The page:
Citroen e-Mehari Answers a Question No One Was Asking

Back in the 1960’s, Citroen made a very funky open vehicle that was just for fun called the Mehari. According to Inside EVs, that’s a nickname for a particularly fast camel. The car was sort of a cross between a Mini Moke and a dune buggy. It was an open, go anywhere, do anything vehicle that you could leave out in the rain with the top off if you wanted to.

Now Citroen has decided what the world needs most of all in its struggle to tame carbon emissions is an updated electric version of the Mehari. Based on the Bollore Bluesummer convertible, the e-Mehari has a top speed of 68 mph and a range of about 100 miles. Its electric motor is rated at 50 kW max and it has a 30 kWh lithium metal polymer battery. Bollore Group has pioneered the use of the metal polymer batteries, which have no liquid component like traditional lithium batteries. Removing the liquid means the battery cannot overheat and potentially burst into flames.

The e-Mehari will be built at the Peugeot Citroen factory in France, which is the same factory where the Bollore Bluesummer is assembled. It will go on sale in France in May of 2016 and is expected to be available in the rest of Europe by the end of next year. It is expected to sell for around $25,000. There is no word on whether it will ever cross the Atlantic to America, but Bollore Group has talked about possibly selling its cars in the US, if there is a market for them. Its cars are used in the BlueIndy car sharing service in Indianapolis.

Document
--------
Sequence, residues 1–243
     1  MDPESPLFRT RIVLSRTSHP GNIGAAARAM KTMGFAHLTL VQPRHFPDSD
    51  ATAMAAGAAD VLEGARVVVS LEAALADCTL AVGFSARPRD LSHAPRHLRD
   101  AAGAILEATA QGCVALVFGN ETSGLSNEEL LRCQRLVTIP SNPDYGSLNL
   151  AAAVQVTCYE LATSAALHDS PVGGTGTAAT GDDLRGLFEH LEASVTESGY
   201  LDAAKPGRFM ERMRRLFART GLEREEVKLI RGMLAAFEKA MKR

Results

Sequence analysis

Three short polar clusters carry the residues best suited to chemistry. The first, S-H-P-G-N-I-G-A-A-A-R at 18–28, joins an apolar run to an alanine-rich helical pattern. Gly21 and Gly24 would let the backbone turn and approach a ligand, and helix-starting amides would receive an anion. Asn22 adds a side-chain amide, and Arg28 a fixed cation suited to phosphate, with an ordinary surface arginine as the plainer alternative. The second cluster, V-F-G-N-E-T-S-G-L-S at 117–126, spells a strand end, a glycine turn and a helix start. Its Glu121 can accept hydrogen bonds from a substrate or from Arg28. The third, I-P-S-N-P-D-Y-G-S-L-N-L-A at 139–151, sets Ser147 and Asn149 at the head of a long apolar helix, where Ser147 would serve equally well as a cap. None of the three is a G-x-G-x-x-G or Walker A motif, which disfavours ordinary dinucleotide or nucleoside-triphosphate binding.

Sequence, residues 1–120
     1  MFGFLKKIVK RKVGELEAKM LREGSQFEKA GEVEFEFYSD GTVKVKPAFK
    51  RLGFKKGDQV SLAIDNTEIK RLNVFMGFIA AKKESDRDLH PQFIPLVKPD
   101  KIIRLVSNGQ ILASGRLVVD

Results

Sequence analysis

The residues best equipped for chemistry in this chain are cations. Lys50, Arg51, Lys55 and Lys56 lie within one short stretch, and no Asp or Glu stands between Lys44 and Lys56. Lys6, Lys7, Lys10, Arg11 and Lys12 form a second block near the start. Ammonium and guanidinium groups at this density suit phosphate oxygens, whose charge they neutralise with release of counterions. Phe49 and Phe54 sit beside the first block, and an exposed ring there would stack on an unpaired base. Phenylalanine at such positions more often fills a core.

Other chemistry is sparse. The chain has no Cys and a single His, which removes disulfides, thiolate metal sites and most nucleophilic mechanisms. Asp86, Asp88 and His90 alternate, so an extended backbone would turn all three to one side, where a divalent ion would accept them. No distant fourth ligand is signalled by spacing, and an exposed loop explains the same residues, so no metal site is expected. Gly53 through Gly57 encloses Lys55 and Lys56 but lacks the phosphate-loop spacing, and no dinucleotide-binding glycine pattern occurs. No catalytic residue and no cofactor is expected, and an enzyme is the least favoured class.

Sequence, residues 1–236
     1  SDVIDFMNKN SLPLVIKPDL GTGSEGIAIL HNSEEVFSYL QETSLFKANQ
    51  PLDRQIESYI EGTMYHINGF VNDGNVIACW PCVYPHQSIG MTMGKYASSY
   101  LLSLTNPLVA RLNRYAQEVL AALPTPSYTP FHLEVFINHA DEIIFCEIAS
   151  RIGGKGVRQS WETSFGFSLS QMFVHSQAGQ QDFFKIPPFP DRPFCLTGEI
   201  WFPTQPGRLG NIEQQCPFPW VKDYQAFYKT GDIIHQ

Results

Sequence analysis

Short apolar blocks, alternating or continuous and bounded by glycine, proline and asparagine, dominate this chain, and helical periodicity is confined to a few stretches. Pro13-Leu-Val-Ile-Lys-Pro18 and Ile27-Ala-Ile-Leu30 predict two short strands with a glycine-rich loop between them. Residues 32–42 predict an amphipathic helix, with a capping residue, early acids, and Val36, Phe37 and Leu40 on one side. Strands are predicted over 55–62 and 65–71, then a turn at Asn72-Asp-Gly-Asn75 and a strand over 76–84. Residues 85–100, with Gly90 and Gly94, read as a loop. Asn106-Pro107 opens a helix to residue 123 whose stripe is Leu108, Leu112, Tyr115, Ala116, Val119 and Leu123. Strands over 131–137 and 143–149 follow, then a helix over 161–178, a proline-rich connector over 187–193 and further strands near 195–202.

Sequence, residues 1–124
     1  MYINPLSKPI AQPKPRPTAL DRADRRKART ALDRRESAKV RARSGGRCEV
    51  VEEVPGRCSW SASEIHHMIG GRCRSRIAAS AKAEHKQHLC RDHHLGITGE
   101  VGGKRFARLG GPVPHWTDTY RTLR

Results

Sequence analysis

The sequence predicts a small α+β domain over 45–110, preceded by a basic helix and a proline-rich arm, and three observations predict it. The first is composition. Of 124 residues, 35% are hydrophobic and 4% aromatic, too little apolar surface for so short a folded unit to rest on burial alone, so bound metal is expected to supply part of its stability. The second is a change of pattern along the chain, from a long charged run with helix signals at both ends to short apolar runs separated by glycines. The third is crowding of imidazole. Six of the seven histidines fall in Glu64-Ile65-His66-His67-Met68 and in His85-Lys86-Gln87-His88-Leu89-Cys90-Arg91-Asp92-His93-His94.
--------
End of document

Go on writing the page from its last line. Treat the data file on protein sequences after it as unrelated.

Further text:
The e-Mehari comes in light blue, orange or beige with either an orange or black removable hard top. It is funky and weird — just the thing to shake up all those stodgy LEAF and Volt owners in your neighborhood. Want to see what the original Mehari “fast camel” was like? Check out this vintage Citroen video, below.


1975 Citroën Mehari Ad / TV Spot


Steve Hanley

Closely following the transition from internal combustion to electricity. Whether it's cars, trucks, ships, or airplanes, sustainability is the key. Please follow me on Google + and Twitter.